Taking Stock

Continuing the discussion…

TakingStockAfter a busy year, all is quiet on the real estate front. The market’s been moving at a more languid pace for at least a month now. And it’s doubtful that this weekend’s ritual orgy of mind-numbing football and tryptophan-laced turkey is going to significantly alter the pattern. Or inspire a lot more of you to run out at halftime and buy a house.

It may be the busiest weekend of the year for Best Buy and Macy’s. But as far as real estate sales go …not so much. We won’t see crowded lines of people camping out at new listings, stampeding open houses or pepper-spraying each other to be first in line to present offers. (That’s reserved for the spring isn’t it? Just kidding about the pepper spray folks.)

So time to take a breath. Take stock of where the market’s at. And perhaps more importantly, take a good look at where your own goals are relative to the market–at-large.

It may be time to rethink your assumptions. Review your options. Weigh your priorities. Consider what you may be willing to compromise on, for the greater good.

Let’s start with all those buyers-in-waiting out there. Earnest homeseekers who finally succumbed to extreme buyer-fatigue after the summer and decided to put their searches on hold for the rest of the year.  Buyers who worked long and hard to find something, but for a variety of reasons, weren’t quite able to pull it off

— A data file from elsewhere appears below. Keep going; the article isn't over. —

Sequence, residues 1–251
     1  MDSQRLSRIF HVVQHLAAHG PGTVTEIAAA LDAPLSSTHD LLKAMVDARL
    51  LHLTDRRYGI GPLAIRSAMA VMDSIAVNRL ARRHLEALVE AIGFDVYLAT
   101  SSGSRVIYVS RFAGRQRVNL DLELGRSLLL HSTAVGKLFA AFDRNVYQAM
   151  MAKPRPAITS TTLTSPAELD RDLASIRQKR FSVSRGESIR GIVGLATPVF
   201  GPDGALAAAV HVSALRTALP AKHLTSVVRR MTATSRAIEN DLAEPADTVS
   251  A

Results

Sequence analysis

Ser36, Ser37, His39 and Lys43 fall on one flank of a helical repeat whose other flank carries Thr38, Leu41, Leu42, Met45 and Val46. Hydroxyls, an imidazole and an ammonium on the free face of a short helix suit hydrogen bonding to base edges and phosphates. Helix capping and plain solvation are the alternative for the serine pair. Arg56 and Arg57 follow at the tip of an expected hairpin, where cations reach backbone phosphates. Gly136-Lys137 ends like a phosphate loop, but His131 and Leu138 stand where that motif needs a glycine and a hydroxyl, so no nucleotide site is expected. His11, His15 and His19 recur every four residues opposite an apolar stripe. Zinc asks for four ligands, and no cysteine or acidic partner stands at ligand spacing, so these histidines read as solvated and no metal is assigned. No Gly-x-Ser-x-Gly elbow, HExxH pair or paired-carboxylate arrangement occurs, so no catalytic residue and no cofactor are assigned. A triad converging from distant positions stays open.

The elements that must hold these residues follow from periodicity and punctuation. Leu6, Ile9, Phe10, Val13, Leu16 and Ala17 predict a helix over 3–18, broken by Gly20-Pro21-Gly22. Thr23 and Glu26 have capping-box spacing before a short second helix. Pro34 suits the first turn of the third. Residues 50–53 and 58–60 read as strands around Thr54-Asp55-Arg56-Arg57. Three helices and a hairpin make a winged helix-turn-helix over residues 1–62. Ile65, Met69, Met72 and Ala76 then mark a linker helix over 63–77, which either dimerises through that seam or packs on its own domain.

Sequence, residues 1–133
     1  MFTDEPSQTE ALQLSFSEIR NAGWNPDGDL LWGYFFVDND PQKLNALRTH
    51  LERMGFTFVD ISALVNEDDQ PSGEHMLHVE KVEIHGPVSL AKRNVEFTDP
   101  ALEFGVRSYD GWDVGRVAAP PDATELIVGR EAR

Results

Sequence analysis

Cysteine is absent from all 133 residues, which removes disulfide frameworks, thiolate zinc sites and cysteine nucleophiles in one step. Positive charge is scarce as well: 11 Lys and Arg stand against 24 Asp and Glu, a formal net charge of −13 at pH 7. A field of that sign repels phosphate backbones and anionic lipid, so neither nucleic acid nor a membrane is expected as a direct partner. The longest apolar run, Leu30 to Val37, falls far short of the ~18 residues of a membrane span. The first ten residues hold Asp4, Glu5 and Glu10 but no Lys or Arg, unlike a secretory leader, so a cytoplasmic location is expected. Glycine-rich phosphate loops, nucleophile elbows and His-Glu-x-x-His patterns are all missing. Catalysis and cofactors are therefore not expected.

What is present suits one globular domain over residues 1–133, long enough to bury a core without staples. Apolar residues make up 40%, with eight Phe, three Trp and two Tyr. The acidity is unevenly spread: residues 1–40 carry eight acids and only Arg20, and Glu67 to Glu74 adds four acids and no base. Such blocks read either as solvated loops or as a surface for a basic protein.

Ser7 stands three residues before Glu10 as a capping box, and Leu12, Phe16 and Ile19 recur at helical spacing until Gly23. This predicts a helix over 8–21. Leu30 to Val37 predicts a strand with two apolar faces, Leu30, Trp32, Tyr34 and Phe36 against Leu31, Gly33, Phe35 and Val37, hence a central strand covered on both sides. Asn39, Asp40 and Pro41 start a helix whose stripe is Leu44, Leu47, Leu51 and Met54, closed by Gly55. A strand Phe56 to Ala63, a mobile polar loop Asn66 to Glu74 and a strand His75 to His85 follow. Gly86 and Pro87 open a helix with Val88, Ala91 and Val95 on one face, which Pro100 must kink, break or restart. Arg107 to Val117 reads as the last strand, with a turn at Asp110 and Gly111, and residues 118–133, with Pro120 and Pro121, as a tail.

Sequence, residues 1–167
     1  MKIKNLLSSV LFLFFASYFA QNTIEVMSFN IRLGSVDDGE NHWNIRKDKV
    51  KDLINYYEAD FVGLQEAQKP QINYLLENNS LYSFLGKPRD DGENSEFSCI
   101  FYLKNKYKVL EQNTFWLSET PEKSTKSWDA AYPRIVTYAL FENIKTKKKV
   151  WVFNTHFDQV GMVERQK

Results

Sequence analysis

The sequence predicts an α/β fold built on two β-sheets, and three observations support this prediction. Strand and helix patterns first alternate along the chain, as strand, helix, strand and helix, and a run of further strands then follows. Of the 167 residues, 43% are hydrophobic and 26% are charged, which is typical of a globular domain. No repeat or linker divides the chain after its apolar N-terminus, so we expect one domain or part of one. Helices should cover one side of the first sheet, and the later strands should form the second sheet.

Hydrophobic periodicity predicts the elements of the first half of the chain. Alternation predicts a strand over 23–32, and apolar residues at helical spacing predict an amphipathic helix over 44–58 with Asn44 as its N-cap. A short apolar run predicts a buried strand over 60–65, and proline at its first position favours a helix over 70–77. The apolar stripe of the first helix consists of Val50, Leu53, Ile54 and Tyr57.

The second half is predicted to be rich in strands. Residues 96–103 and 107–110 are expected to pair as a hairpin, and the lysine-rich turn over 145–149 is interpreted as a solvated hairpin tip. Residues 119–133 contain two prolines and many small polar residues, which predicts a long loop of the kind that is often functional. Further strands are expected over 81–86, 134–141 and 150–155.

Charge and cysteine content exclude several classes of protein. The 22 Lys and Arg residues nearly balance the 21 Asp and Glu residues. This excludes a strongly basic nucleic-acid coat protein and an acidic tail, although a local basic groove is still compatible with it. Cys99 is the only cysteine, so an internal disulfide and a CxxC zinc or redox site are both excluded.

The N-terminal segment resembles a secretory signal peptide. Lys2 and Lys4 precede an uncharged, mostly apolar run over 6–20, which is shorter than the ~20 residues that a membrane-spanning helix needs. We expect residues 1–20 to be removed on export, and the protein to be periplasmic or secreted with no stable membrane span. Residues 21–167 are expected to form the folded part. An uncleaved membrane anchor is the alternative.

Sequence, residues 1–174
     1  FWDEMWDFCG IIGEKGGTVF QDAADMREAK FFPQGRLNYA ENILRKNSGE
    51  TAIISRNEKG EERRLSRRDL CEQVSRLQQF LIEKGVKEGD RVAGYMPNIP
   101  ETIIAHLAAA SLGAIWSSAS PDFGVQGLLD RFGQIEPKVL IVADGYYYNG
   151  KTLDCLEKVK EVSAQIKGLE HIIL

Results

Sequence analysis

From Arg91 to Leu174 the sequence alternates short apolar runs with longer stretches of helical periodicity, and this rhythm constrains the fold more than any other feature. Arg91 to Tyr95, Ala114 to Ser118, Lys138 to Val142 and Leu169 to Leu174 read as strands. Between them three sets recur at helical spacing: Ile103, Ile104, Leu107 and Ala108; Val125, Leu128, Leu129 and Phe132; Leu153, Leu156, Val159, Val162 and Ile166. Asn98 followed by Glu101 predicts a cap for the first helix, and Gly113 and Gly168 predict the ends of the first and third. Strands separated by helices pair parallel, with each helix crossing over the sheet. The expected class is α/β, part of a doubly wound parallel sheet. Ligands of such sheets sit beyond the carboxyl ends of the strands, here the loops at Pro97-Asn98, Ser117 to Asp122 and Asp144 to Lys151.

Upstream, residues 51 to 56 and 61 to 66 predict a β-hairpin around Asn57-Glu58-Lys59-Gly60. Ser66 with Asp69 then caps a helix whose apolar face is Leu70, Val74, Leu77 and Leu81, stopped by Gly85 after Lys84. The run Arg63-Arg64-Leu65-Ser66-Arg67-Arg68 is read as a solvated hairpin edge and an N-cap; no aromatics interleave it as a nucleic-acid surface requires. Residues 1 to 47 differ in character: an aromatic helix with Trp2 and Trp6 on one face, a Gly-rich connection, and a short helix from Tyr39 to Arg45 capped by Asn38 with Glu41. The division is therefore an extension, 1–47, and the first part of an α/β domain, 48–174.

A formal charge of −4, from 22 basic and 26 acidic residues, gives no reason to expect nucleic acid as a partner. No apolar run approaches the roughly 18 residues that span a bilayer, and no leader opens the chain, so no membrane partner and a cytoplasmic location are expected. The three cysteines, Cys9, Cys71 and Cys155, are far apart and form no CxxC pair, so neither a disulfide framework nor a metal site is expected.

Taking stock of things is precisely what these buyers in the coming year are going to have to do. Because there’s going to be the same frustrating lack of new inventory, reasonable housing stock and quality listings that characterized 2014.

The Sentinel article on November 17 highlighted a few pertinent statistics in this regard. There were 404 active single family listings at the start of November. The fewest for any November in 18 years (think 1996!)  The number of active listings each month has now been lower than the same calendar month the previous year for 44 of the past 45 months!

By my count there were 325 active listings left in SC County this past Wednesday. A third of them priced at more than a million.  Not exactly music to the ears of an average buyer, with a median income, trying to qualify for a loan.

Bottom line: If you head into next year’s market without examining and tweaking your approach,  you may find yourself coming up short again.  Next week: Let’s explore a few ideas for shaking up your search.

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